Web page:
It was very sad for me to learn of Ron Silver’s death. He was one of the few “name” stars of any entertainment medium that held to his convictions that he found after 9/11. Hollywood was the better for having a true son of the Republic in its midst. Vaya con dios, compadre. We will miss looking to you for inspiration.
Ron Silver died on Sunday of cancer, at age 62, having starred in movies, theater and politics. As an actor, he won a Tony Award in 1988 for his performance in David Mamet’s “Speed-the-Plow,” and more recently he was better known for his role as a hard-bitten political consultant on “The West Wing” on television.
But Silver’s most notable legacy was his real-life political activism. A self-described life-long liberal, Silver rallied to the defense of his country and his hometown, New York City, after the September 11, 2001 terrorist attacks. Three years later, he spoke at the Republican National Convention in New York, reminding his audience that “This is a war we did not seek. This is a war waged against us. This is a war to which we had to respond.” He had held similarly hawkish views during the Cold War, and he rebutted those who see America as little different than its enemies: “History shows that we are not imperialists.”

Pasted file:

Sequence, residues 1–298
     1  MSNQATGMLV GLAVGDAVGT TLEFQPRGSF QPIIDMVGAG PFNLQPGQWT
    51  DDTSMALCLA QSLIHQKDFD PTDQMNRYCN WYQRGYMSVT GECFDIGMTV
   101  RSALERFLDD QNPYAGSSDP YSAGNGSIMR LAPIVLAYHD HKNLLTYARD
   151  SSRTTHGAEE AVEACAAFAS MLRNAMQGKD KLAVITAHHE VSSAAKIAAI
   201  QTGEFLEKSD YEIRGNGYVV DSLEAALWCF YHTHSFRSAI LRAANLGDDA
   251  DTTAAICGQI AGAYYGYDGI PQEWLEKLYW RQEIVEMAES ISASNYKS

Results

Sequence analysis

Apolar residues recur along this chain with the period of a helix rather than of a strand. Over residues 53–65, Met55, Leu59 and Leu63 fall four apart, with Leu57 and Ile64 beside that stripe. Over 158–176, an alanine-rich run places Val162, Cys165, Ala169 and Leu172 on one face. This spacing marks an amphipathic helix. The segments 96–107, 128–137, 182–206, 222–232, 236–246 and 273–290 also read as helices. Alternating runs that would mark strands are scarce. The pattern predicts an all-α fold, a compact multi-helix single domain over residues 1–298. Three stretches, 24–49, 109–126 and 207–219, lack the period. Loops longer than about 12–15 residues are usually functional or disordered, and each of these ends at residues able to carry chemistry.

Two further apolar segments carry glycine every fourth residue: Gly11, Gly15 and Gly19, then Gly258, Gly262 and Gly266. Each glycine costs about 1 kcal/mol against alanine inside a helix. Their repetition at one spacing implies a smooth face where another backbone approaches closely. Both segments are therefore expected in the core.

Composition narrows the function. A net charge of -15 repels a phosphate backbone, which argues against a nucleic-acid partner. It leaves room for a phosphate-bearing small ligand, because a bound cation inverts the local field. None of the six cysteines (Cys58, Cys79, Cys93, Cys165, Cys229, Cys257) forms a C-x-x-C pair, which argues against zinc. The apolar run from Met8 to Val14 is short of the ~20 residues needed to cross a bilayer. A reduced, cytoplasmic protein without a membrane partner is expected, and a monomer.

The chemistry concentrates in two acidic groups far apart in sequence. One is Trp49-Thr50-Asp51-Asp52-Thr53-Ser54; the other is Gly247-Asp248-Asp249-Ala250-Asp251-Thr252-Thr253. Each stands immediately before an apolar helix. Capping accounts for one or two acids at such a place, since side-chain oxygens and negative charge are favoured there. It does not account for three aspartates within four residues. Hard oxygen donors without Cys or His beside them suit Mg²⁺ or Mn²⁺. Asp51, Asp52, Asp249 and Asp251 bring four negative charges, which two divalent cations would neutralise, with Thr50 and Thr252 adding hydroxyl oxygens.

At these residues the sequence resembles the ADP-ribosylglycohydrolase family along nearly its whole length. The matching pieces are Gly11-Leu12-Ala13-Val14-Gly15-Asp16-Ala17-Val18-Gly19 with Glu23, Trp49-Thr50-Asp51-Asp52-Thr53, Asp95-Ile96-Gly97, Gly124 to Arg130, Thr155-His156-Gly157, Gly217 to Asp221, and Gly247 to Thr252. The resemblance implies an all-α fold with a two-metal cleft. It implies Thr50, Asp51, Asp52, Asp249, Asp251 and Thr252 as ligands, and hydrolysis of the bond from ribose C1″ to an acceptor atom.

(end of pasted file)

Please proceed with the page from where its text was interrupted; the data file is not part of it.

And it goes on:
By his own account, he suffered professionally for those convictions, but he sought no sympathy for whatever price he may have paid in Hollywood for his stand on the war on terror or his vocal criticism of the United Nations, about which he made a documentary in 2005. In “Broken Promises,” Silver held the U.N. to account for its failure to live up to its stated ideals, even as his acting colleagues derided President Bush for using military force against tyrants. His brother, Mitchell Silver, told the New York Times that Silver’s politics “were not shared by anyone he knew.” His politics, in other words, were born of conviction, not convenience, which is one way to describe an honest patriot.